When I was between 5th and 6th grade, the idea of Camelot captured my imagination. I read all the King Arthur stories I could get my hands on. At my instigation, we neighborhood kids played knights and princesses all summer. Our back porch with its stairs and commanding view of the side yard became our castle tower. The girls wore my mom’s old prom dresses and the boys made swords out of branches. But, something was missing... we needed a flag.
I acquired some white fabric from my mom, and we embroidered camels on it. (Democracy won when it came to ideas for the flag – thus, camels for Camelot!) My sisters and neighbor girls and I worked hard on that flag, and we flew it proudly when we finished it.
Remember playing the game, “Capture the Flag”? Kids still play it. Capturing the flag of your opponent while protecting your own was the goal of the game. Your flag cemented your team identity.
Our country’s flag does the same thing. The Second Continental Congress of the United States recognized our flag’s importance and passed the ‘Flag Resolution’ on June 14, 1777 (Flag Day) establishing the standard for the official U.S. flag:
“Resolved, That the flag of the thirteen United States be thirteen stripes, alternate red and white; that the union be thirteen stars, white in a blue field, representing a new constellation.” [Journals of the Continental Congress, 1774-1789, 8:464]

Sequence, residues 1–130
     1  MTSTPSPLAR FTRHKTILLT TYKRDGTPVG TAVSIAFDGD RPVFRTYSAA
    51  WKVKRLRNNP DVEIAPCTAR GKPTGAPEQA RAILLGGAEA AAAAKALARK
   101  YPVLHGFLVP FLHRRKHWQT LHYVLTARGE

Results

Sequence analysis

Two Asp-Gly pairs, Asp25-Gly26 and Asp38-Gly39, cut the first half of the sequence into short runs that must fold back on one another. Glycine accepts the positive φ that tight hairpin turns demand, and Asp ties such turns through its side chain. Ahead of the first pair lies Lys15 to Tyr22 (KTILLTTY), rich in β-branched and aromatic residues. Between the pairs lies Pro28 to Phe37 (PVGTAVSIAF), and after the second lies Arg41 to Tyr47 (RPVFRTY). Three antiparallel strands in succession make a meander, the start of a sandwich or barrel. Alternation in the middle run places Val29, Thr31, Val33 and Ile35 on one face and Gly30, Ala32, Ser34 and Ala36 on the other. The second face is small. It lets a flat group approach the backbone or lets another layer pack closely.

A new constellation! That Congress couldn’t have chosen more lofty words. And yet, the U.S.A. has become what they envisioned: a constellation, a beacon, an example – especially for countries shaking off tyranny.
We, the people of the U.S.A., have somehow managed to live together with our differences. By using our political system as it was conceived, to create a lasting balance of power, we have enjoyed overall stability and protection. Even after our near divorce during the Civil War, the states are still together!
The Stars and Stripes is a symbol of that unity. Long may it wave, and long may we be united in lofty purpose and vision.
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